Maria Shumusti

Maria Shumusti.jpg
Maria Shumusti studied a Master of International Relations.

Tell us about yourself

My name is Maria Shumusti, and I moved to Canberra from Mumbai, India in 2018, to pursue a Master of International Relations at The Australian National University.

I think one of the turning points of my time in Australia would be the day I tried vegemite for the first time and loved it. Besides brunching away in Canberra, I love reading, writing and am incredibly passionate about mental health issues amongst the culturally and linguistically diverse (CALD) community and students.

I am currently working in the humanitarian sector with the world’s largest humanitarian organisation- the United Nations World Food Programme (WFP), also the Laureate of the 2020 Nobel Peace Prize.

I am the Communications Officer of WFP’s Pacific Multi-Country Office based out of Suva, Fiji. We aim to improve the capacity of Pacific Island countries and territories to reduce the risk of, prepare for and respond to disasters with a view of building a resilient Pacific community, with a focus on partnerships and innovation.

I oversee the communications and media for WFP in the Pacific, and we are currently running the Donate Responsibly campaign that informs people about why during disasters, not all goodwill, does well and highlight effective and responsible ways to donate. With the Australian bushfires, a similar issue arose here locally where after a point, the donated goods were getting in the way of the disaster response.

I came to The Australian National University with a passion for international relations and hoped to work for a global organisation, but I wasn’t sure what I would do after graduating. Surprisingly, my first day as a student and my last day as a tutor at the Coral Bell School led me to apply for a job with WFP.

On day one of orientation for the Master of International Relations program, someone asked about the job prospects that came with the degree and the speaker mentioned many valuable routes. But what stuck with me was to ‘pick a humanitarian organisation that most aligned with your interests and values and to go for it’. I scribbled in my to-do diary, ‘World Food Programme - look for jobs.’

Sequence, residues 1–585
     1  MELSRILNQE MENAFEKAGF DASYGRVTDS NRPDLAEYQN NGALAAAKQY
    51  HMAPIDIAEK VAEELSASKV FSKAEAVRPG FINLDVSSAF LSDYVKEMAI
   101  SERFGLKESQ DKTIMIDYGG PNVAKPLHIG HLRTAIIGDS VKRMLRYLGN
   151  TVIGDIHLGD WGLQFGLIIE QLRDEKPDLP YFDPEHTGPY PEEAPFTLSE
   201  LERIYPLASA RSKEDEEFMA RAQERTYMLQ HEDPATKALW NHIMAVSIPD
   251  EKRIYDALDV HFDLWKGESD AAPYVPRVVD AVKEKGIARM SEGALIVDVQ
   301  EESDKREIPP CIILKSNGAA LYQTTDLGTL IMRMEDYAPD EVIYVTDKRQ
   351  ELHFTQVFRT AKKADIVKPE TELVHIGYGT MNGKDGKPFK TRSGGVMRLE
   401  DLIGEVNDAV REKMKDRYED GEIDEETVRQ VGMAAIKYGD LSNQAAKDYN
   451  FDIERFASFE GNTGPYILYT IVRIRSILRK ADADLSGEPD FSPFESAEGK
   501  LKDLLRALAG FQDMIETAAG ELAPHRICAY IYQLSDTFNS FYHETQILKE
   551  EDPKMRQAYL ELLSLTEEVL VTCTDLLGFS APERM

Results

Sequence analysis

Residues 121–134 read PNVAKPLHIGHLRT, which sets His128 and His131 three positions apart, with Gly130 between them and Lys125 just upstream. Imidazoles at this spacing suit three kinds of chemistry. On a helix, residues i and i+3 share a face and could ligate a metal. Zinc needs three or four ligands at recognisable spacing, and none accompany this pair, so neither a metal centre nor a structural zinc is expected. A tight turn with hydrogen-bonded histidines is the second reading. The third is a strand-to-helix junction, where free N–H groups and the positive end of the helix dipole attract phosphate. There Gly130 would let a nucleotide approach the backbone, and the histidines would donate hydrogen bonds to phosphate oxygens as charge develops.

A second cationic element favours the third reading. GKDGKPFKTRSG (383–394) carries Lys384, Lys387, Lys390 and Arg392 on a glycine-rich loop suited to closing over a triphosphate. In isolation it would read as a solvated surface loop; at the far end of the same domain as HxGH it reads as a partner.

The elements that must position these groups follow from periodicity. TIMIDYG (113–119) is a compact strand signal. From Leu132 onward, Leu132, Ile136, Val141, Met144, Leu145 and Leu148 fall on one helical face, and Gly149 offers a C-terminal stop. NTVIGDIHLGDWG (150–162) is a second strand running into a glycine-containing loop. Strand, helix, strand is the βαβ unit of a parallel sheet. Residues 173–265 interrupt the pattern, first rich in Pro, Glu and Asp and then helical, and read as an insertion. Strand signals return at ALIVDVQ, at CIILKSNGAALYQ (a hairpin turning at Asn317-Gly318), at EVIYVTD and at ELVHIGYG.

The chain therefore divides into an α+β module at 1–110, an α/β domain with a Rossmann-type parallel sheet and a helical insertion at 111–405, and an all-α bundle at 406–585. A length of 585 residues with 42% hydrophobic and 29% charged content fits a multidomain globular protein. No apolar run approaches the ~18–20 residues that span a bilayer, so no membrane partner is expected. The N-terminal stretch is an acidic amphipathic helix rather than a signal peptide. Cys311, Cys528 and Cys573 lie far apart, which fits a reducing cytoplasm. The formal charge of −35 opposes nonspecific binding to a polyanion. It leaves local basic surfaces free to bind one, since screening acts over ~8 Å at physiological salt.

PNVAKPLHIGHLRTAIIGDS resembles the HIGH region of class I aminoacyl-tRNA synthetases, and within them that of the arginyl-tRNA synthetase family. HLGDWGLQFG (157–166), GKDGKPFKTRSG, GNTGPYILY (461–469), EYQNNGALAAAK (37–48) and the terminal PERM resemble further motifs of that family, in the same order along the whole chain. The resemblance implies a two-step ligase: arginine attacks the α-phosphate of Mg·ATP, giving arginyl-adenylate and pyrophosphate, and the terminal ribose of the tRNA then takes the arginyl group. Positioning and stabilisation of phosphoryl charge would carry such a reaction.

In 2020 and on the last day as a tutor for the Human Security course, Professor Bina D’Costa took me out for lunch. She asked me what topic I had enjoyed the most. It was food security and climate change. She said I should apply to the World Food Programme, and I did. It was a dream come true.

What was your experience like at the Coral Bell School?

I came from a non-IR academic background and was aware of the high reputation of ANU, which made me pick this course. However, I also knew I would be learning from and studying with the best of the best. So I was very intimidated at first.

But this quickly changed into feeling empowered instead. The professors were great, and the tutors were very helpful. The cultural and professional diversity of voices in the classroom was also one of my key learning experiences. Listening to my different classmates speak to other topics broadened my perspective of the world. I learned a lot from the books and from the people I met daily at the Bell School. It also helps that the Hedley Bull Building is quite beautiful. We practically never left.

My experience at the Bell School was well beyond my expectations! I expected there wouldn’t be much scope to dip my feet into different topics of interest. But I was definitely in for an exciting surprise and spoiled for choice with the diverse electives available. In those semesters where I was able to study varied subjects like Ethnic Conflict in Asia and International Relations Theory, did I truly milk my interests in all things IR and eventually found my niche interest. The holistic nature of the degree and the opportunity to learn from the best academic minds in the country provided a well-rounded experience.

And I had never expected to enjoy any course as much as I did with International Relations Theory. Dr Mathew Davies made me look forward to class, even on cold winter evenings.

Studying the MIR degree helped me polish the lens through which I viewed the world of international development and policy, think critically, and communicate complex ideas to audiences. All of these skills are at the heart of my humanitarian role with WFP.

Thanks to the deep-rooted understanding of the theoretical frameworks of IR, crisis, gender, the impact of climate change on societies or even the benefits of liberal institutionalism, I can apply that to the communication strategies that I work on. My learnings from the MIR degree are indispensable to the job I do now and the future I wish to pursue with WFP.

What advice would you give to those who are thinking about studying the Master of International Relations?

I would say soak up as much knowledge as you can! And not just from books or lectures but also from your peers in class. Talk to people, tutors, lecturers- you’d be surprised how much you could learn from informal chats or the value your perspectives can bring to others. In the process, you also make friends.

Also, look for internships or ways to get involved with clubs that align with your professional aspirations. If you have someone in the field you admire, write to them- who knows, you may even get a mentor! Put yourself out there and explore things outside of your comfort zone- it may be hard at first, but you’ll never regret it.